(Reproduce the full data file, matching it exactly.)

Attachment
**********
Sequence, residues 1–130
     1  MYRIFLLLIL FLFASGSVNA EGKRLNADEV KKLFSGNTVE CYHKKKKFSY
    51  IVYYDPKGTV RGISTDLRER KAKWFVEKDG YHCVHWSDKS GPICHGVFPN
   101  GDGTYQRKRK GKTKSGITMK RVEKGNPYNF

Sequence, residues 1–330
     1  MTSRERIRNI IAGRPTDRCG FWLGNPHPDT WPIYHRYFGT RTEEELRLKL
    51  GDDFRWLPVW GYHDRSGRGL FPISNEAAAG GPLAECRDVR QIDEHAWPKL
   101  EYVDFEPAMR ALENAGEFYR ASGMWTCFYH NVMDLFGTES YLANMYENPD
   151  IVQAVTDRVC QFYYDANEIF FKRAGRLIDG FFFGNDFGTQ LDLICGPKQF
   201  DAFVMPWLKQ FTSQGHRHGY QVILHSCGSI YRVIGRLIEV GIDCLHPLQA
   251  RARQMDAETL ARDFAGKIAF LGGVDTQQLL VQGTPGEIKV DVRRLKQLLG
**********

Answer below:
Sequence, residues 1–130
     1  MYRIFLLLIL FLFASGSVNA EGKRLNADEV KKLFSGNTVE CYHKKKKFSY
    51  IVYYDPKGTV RGISTDLRER KAKWFVEKDG YHCVHWSDKS GPICHGVFPN
   101  GDGTYQRKRK GKTKSGITMK RVEKGNPYNF

Sequence, residues 1–330
     1  MTSRERIRNI IAGRPTDRCG FWLGNPHPDT WPIYHRYFGT RTEEELRLKL
    51  GDDFRWLPVW GYHDRSGRGL FPISNEAAAG GPLAECRDVR QIDEHAWPKL
   101  EYVDFEPAMR ALENAGEFYR ASGMWTCFYH NVMDLFGTES YLANMYENPD
   151  IVQAVTDRVC QFYYDANEIF FKRAGRLIDG FFFGNDFGTQ LDLICGPKQF
   201  DAFVMPWLKQ FTSQGHRHGY QVILHSCGSI YRVIGRLIEV GIDCLHPLQA
   251  RARQMDAETL ARDFAGKIAF LGGVDTQQLL VQGTPGEIKV DVRRLKQLLG